( Courtesy California LGMA )

The California Leafy Greens Marketing Agreement, is reviewing updated processes relating to water metrics and soil amendments.

The group has also established a new process to review and update standards, and that includes web seminars to gather input on proposed changes.

The first of those web seminars is on proposed water metrics, at 10 a.m.-noon Pacific, May 14. Registration is online. 

The changes relate to drip and furrow irrigation and application of chemicals, as well as enhanced sampling requirement, and are available online.
“California’s leafy greens farmers are hard at work every day implementing new, more stringent food safety practices on their farms,” Scott Horsfall, CEO of the California LGMA, said in a news release. “At the same time, we’re all focused on further strengthening the food safety standards required under the LGMA to protect consumers and prevent future outbreaks.” 

A subcommittee of industry members and scientists have been reviewing the group’s water metrics since August, and more than 30 changes have been recommended, said Sharon Lanini of Pacific International Marketing, who is the LGMA’s technical committee chairwoman. 

“The recommendations include updated requirements for drip and furrow irrigation as well as water used for chemical applications,” Lanini said in the release. “These updates are in addition to enhanced water metrics adopted by the LGMA last year for sprinkler applied water treatments during the last 21 days prior to harvest.”

Besides the water subcommittee, similar groups for equipment sanitation, soil amendments/crop inputs, adjacent land use and proximity to animals have been established.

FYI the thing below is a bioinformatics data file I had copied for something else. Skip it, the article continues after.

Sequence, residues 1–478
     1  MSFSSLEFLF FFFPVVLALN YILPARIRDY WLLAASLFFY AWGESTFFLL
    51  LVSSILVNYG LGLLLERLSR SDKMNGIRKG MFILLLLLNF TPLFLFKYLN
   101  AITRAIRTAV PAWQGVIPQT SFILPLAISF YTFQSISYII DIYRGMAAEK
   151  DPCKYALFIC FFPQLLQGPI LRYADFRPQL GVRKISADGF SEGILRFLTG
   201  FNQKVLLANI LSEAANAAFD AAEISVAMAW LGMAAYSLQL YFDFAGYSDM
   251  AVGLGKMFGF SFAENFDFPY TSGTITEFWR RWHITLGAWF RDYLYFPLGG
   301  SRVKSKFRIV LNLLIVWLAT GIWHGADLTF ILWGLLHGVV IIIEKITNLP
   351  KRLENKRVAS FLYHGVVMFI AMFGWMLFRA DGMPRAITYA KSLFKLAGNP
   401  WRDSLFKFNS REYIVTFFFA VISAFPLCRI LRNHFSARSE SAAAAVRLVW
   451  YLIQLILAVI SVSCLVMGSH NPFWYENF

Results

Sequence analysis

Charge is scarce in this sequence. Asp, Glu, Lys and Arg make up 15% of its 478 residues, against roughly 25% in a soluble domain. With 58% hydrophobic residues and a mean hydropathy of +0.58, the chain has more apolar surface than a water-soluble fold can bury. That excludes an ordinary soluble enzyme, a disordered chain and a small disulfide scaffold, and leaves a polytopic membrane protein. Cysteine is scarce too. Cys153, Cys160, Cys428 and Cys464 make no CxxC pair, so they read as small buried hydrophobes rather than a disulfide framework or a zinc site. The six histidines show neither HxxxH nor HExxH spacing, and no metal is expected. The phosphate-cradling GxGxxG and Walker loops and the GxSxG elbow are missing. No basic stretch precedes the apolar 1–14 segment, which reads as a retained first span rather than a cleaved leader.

The soil/crop input group is considering standards to address compost applications, container ID and tracking and inputs applied on neighboring properties, according to the release. The equipment and packing materials subcommittee is considering enhanced standards on harvest equipment and personnel and includes human-vectored pathogens including Cyclospora and the coronavirus.

Comments are being accepted on harvest equipment and sanitation practices until the end of May.

The new process for updating the LGMA standards uses Western Growers as an independent party, to solicit and collect input. A website, www.leafygreenguidance.com, and calendar outlines when topics will be reviewed. 

“The goal is to create unified standards for how leafy greens are farmed using the best science  and expertise available from throughout the leafy greens community,” Horsfall said. “Water is just the first topic to be addressed. This same process is planned for other areas of the LGMA metrics.”

Food safety audits continue during the pandemic, with unannounced and announced visits.

“The real work of implementing food safety practices is being done every day by leafy greens farmers,” Horsfall said in the release. “The role of the LGMA is to unify the industry under one common set of science-based food safety practices.”

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